5. 5. ISSN 2394-9694 International Journal of Novel Research in Humanity and Social Sciences Vol. 3, Issue 5, pp: (35-40), Month: September – October 2016, Available at: www.noveltyjournals.com Page | 39 Novelty Journals There are few health facilities in the counties indicating that there are large distances between them and the residents of the counties. This factor coupled with limited mobility due to difficult roads presents challenges for the adequate and effective implementation of public health services including malaria campaigns. This phenomenon makes a larger proportion of the population to be less informed on malaria thereby increasing their risk to malaria transmission (Terezzas op.cit.). Movement of people from one region of the county to the other for a variety of reasons has the potential of introducing or re-introducing malaria to a region. There are common resources within the counties frequented by vast numbers of people. One such resource is Lake Victoria where many of the residents frequent in order to carry out fishing. The various forests and hilltops are other places not forgetting the urban centres within the counties. This factor is potentially responsible for the increase in the number of malaria cases within these counties. There are other minor factors such as ownership and use of insecticide treated nets and attitudes towards their use (many people say they are too hot). There are also various barriers that hinder the effective prevention and treatment of malaria cases in the counties. For example, many residents do not understand how malaria is transmitted, belief that malaria cannot be prevented and use of alternative treatment mechanisms including traditional medicine. These human factors to an extent make the counties to experience high incidences of malaria cases. IV. CONCLUSION This paper has identified that malaria cases are high in Busia, Homa Bay, Kisumu, Migori, Tharaka Nithi and Siaya Counties of Kenya. Five of the worst hit counties are located in the Lake Victoria Basin lending credence to the role played by ecologic factors of climate, topography and soil type in increasing the regions vulnerability to malaria. Tharaka Nithi County seem to be accounted mostly by human than ecologic factors. It is worth remembering that these are just speculative general propositions of making sense of the observation. There is need to undertake empirical studies to actually ascertain the situation in the counties in order to address the problem amicably. REFERENCES [1] Commission on Revenue Allocation. (2013). Kenya County Fact Sheets. Second edition. Accessed from: http:// www.crakenya.org/information/downloads/ [2] De Silva, Prathiba M. and Marshall, John M. “Factors Contributing to Urban Malaria Transmission in Sub-Saharan Africa: A Systematic Review,” Journal of Tropical Medicine, vol. 2012, Article ID 819563, 10 pages, 2012. doi:10.1155/2012/819563. Accessed from: http://www.hindawi.com/journals/jtm/2012/819563/cta/ [3] East African Community. Regional Trans-Boundary Diagnostic Analysis of the Lake Victoria Basin. Lake Victoria Basin Commission. Kisumu. Accessed from:.http://iwlearn.net/iw-projects/2405/reports/regional-transboundary- diagnostic-analysis-of-the-lake-victoria-basin [4] Government of Kenya, Ministry of Health. (2015). County Health Fact Sheets. Accessed from: http://www. healthpolicyproject.com/index.cfm?id=publications&get=pubID&pubId=291 [5] International Association for Medical Assistance to Travellers. (2015). Malaria. IAMAT. Accessed from: https://www.iamat.org/risks/malaria?gclid=CPrAwrb03MgCFROeGwodUrQIGQ [6] Lindsay, S.W. and Martens, W.J.M. Malaria in the African Highlands: Past, Present and Future; In the World Health Organization Bulletin on Malaria Surveillance Vol. 79 (1); 1998 pp 33-45. [7] Odhiambo, S.O. (2013). Effects of Variability of Selected Climatic Elements on Malaria Prevalence in Awendo Division, Rongo District, Migori County, Kenya. A thesis submitted to Kenyatta University for the award of a Master of Arts Degree (Geography). Accessed from: http://ir-library.ku.ac.ke/bitstream/handle/123456789/9083/ Odhiambo,%20Samwel%20Olela.pdf?sequence=1 [8] Okeyo-Owuor J.B, Raburu P.O., Masese F.O and Omari S.N. Wetlands of Lake Victoria Basin, Kenya: distribution, current status and conservation challenges in Community Based Approach to the Management of Nyando Wetland,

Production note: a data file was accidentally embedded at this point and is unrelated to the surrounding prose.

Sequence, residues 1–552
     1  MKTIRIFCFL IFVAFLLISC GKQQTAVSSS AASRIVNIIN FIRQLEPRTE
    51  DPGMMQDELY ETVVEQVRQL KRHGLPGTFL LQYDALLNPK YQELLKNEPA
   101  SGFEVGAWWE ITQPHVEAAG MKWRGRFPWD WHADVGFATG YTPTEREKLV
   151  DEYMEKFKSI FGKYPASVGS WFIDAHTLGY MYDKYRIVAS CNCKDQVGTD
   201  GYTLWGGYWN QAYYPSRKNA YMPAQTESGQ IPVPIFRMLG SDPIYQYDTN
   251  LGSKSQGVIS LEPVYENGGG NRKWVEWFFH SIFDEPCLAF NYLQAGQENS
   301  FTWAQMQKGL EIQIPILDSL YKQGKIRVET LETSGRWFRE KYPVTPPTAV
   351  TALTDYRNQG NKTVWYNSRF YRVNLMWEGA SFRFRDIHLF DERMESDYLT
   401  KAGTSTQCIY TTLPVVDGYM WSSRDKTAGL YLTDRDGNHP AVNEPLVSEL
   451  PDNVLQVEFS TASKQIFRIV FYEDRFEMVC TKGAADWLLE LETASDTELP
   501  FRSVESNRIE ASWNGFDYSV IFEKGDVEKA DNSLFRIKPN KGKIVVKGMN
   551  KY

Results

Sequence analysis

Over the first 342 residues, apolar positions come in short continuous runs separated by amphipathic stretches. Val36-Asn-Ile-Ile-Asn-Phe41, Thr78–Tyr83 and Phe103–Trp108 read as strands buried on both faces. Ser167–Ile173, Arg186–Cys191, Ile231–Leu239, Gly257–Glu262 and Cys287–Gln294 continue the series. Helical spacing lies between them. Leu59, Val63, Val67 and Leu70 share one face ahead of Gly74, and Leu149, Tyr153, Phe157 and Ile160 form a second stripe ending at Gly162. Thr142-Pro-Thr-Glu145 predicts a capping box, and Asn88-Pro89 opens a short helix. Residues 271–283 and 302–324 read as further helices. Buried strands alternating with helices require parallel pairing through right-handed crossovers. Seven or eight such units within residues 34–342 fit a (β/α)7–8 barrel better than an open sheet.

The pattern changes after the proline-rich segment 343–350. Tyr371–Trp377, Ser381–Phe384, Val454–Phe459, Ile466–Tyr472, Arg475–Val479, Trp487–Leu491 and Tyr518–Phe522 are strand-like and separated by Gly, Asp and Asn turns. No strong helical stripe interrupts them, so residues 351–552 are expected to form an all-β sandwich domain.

6. 6. ISSN 2394-9694 International Journal of Novel Research in Humanity and Social Sciences Vol. 3, Issue 5, pp: (35-40), Month: September – October 2016, Available at: www.noveltyjournals.com Page | 40 Novelty Journals Lake Victoria Basin, Kenya; edited by Raburu P.O., Okeyo-Owuor J.B. and Kwena F. Nyando Wetland Utility Resource Optimization Project, 2012. KDC-VIRED-UNDP. Accessed from: http://www.undp.org/content/dam/ kenya/docs/energy_and_environment/Nyando%20Book%20-%20FINAL%20MOST-internet.pdf [9] Republic of Kenya, County Government of Siaya Website. (2015). accessed from: http://www.siaya.go.ke/? page=content&id=1 [10] Republic of Kenya, Ministry of Agriculture: Agriculture Sector Development Support Programme County Information Website. (2014). Accessed from: http://www.asdsp.co.ke/ [11] Republic of Kenya. The 2009 Housing and Population Census, Vol. II: Population and Household Distribution by Socio-Economic Characteristics. Kenya National Bureau of Statistics, 2010. [12] SoftKenya. (2012). Counties in Kenya. Accessed from: http://softkenya.com/county/counties-in-kenya/ [13] The Open University Health Education and Training Program. Communicable Diseases Module 6: Factors Affecting Malaria Transmission. HEAT; The Open University, 2015. Accessed from: http://www.open.edu/openlearnworks/ mod/oucontent/view.php?id=89%3F [14] Terrazas, W.C.M; Sampaio, V.S; Castro, D.B; Pinto, R.C; Albuquerque, B.C; Sadahiro, M.;.Passos R. A and Braga, J.U. Deforestation, drainage network, indigenous status, and geographical differences of malaria in the State of Amazonas. In the Malaria Journal (2015). Accessed from: http://www.malariajournal.com/content/14/1/379

×